Day 1, Higashiyama Area
  • Depart for Kyoto around 7 am. 
  • Take the JR line at Shin-Osaka Station to Kyoto.
  • Arrive at Kyoto Station around 7:30 am.
  • Take City Bus 100 or 206 and drop off at Kiyomizu-michi.
  • Walk to Kiyomizu-dera Temple. Explore temple. In case you get hungry, outside the temple are food stores and shops lined up with free tastes!
  • Walk through Sannenzaka and Ninenzaka Slope.
  • Head to Kodai-ji Temple. Explore the temple.
  • Stop by at Yasaka Shrine
  • Eat lunch at Gion.
  • From Gion, take City Bus 12 going to Nijojomae. Walk to Nijo Castle. Explore Castle.  
  • From the castle, take City bus 12 and get off at Shijo-Kawaramachi. Walk to Nishiki Market. Walk straight (along Shijo street) then turn right. Shop and eat at Nishiki Market. 
  • From Nishiki Market, walk to Hankyu Kawaramachi Station (bound for Osaka) or take City Bus 5 going to Kyoto station. 
  • Bound for Osaka.

JR line, Special Rapid Services (Shin-Osaka to Kyoto) JPY 560.00
City Bus flat rate JPY 230.00
Hankyu line (Kyoto to Osaka) JPY 400.00
Food JPY 2,000.00
Entrance fees
Kiyomizudera Temple JPY 300.00
Kodaiji Temple JPY 600.00
Total  JPY 4,090.00

Day 2, Kinkakuji and Ginkakuji Area
  • Depart for Kyoto around 7 am. 
  • Take the Hankyu line at Nishinakajima-Minamigata Station to Kyoto (Saiin Station).
  • Arrive at Saiin Station (Hankyu line has a lot of stop overs) around 8:00 am.
  • Take bus 26 bound for Ninnaji Temple.
  • Explore temple. There are vendos inside in case you get thirsty.
  • Take bus 59 going to Ryoanji Temple.
  • Explore temple then take bus 59 and head to Kinkakuji Temple. This is my favorite, maybe because it's gold. Kidding. It's just beautiful. 
  • Eat lunch at Kinkakuji area. 
  • After lunch, take bus 204 going to Ginkakuji Temple
  • Explore temple.
  • Walk through the Path of Philosophy.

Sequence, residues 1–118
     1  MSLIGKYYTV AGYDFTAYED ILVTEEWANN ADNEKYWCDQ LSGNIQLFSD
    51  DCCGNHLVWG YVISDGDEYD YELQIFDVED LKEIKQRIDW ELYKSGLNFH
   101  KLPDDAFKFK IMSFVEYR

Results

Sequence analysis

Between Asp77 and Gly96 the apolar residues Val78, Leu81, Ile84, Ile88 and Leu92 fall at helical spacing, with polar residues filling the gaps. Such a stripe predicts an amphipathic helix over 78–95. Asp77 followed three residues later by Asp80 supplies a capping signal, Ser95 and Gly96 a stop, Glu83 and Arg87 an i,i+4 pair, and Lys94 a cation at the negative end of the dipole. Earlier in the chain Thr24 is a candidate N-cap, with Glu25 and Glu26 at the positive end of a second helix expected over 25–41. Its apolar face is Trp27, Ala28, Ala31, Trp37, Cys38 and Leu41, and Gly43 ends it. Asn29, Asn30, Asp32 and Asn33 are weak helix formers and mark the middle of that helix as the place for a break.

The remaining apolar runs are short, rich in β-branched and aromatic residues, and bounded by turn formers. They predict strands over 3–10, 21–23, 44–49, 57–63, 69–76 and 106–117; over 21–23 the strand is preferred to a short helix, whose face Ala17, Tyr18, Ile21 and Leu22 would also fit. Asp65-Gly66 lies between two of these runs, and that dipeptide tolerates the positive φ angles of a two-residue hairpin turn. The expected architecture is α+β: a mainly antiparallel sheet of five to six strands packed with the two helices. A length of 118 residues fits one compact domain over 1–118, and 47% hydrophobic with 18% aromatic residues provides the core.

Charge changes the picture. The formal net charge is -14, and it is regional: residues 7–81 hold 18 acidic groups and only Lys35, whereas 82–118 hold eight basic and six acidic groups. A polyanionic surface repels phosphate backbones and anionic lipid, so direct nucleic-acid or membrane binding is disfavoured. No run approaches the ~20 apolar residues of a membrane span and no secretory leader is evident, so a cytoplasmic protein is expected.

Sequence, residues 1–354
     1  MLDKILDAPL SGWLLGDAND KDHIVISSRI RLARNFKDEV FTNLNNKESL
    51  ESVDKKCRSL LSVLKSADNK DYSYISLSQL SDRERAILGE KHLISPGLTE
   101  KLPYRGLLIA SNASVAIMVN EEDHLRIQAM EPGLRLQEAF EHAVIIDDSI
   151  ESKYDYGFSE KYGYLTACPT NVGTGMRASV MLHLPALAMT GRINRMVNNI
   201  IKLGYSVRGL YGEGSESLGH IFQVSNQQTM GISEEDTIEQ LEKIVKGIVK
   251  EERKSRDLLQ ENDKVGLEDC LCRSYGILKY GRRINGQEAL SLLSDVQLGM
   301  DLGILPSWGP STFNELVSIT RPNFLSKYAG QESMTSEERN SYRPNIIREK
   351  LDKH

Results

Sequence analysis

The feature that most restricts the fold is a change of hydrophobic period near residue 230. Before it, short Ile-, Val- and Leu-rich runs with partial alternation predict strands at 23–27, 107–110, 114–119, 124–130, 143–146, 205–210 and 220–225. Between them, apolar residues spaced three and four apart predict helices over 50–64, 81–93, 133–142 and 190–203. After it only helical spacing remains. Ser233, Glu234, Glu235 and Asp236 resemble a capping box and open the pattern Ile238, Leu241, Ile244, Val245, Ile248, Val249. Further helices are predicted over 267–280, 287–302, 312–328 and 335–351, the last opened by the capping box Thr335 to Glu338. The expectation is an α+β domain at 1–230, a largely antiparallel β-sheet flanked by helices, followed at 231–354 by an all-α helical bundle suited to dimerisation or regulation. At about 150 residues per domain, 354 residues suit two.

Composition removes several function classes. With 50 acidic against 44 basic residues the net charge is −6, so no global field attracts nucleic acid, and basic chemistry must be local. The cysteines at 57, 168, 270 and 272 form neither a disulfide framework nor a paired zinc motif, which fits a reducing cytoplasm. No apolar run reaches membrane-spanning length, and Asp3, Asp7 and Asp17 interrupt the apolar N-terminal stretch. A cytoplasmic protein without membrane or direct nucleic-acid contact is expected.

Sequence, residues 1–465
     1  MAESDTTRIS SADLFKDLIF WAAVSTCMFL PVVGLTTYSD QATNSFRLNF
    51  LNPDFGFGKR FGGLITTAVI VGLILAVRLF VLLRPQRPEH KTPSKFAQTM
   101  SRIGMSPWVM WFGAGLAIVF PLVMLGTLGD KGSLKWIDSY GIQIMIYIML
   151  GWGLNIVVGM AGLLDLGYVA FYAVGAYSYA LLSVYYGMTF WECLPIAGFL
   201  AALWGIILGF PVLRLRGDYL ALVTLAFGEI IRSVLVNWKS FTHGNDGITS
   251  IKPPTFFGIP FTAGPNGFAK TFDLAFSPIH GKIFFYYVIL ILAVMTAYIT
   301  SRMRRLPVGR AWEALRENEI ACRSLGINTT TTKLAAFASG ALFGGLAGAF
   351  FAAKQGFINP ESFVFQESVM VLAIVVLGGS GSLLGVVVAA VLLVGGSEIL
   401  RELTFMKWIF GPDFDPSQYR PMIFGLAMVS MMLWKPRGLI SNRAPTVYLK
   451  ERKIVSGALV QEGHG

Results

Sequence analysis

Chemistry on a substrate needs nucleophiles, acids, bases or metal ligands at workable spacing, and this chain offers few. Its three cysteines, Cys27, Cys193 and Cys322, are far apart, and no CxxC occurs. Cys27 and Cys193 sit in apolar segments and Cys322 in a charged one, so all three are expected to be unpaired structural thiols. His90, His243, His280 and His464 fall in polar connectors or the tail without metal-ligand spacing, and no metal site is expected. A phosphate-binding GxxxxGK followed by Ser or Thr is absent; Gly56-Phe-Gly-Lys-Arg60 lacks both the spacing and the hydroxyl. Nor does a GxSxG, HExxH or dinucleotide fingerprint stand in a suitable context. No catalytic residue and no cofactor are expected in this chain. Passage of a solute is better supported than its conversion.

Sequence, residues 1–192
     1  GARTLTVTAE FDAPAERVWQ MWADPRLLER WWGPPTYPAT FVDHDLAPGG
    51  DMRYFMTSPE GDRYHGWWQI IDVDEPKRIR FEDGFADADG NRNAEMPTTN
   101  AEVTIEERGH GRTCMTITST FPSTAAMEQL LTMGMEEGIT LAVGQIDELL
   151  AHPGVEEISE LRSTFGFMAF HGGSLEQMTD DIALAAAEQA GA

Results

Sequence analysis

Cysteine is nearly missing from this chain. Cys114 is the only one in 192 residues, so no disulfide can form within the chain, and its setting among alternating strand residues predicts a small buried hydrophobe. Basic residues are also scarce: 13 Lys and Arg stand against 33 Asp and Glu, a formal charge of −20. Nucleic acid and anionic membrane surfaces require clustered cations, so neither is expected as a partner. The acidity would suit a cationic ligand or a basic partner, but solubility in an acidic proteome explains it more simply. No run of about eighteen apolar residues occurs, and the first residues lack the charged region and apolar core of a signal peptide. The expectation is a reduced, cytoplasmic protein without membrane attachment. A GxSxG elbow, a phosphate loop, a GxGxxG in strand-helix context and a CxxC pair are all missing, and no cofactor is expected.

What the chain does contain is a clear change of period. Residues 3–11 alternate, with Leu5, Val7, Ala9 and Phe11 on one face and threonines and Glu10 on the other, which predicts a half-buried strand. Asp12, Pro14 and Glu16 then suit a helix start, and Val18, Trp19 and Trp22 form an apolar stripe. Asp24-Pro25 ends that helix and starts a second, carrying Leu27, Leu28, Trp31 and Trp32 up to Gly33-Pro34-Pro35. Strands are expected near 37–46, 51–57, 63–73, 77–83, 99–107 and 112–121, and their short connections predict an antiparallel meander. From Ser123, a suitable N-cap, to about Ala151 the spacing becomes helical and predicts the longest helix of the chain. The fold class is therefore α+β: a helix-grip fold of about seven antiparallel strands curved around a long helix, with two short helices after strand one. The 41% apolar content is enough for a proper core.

• Walk to Honen-in temple. 
  • After exploring temple, take bus 5 (or 17 and 100) to Kyoto Station.
  • Bound for Osaka.

Hankyu line (Osaka to Saiin, Kyoto) JPY 370.00
City Bus One-Day Pass JPY 500.00
JR line, Special Rapid Services (Kyoto to Osaka) JPY 560.00
Food JPY 2,000.00
Entrance fees
Ninnaji Temple JPY 500.00
Ryoanji Temple JPY 500.00
Kinkakuji Temple JPY 400.00
Ginkakuji Temple JPY 500.00
Honenin Temple JPY 0.00
Total  JPY 5,330.00

Day 3, Arashiyama Area
  • Depart for Kyoto around 7 am. 
  • Take the JR line to Kyoto station.  
  • Walk to the bus terminal outside Kyoto Station and look for C6 bus stop or you could ask the police on guard at the station (ask for "Otagidera mae" or just show them the map and point Otagidera mae). 
  • Once you get on to the bus, tell the driver you want to get off at "Otagidera mae". 
  • Travel time is around an hour.
  • Supposedly, our first stop is Otagi Nenbutsuji Temple but we didn't find it. Read my post on Adashino-Nenbutsuji Temple.
  • Walk to Adashino Nenbutsu-ji Temple and explore.
  • Walk to Gioji Temple and explore (and rest too).
  • Walk to Nison-in Temple and explore.
  • Walk to Bamboo Forest. 
  • Walk to Tenryuji Temple and explore. 
  • Eat lunch.
  • Walk to Togetsukyo Bridge and rest.
  • Take bus 72 or 74 going to Kyoto Sation.
  • If you still have the energy, walk to Kyoto Yodobashi and shop.
  • Bound for Osaka. 

JR line, Special Rapid Services (Shin-Osaka to Kyoto) JPY 560.00
City Bus JPY 460.00
JR line, Special Rapid Services (Kyoto to Shin-Osaka) JPY 560.00
Food JPY 2,000.00
Entrance fees
Adashino Nenbutsu-ji Temple JPY 500.00
Gioji Temple JPY 300.00
Nison-in Temple JPY 500.00
Tenryuji Temple JPY 500.00
Total  JPY 5,380.00

Total Expenses for three days: approx. JPY 15,000.00 (around PHP6,000)
*Breakfast, dinner and souvenirs not included.


December 14, 2015

Applying for Japan Tourist Visa (for Filipinos)

Applying for Japan Tourist Visa


Anything could happen.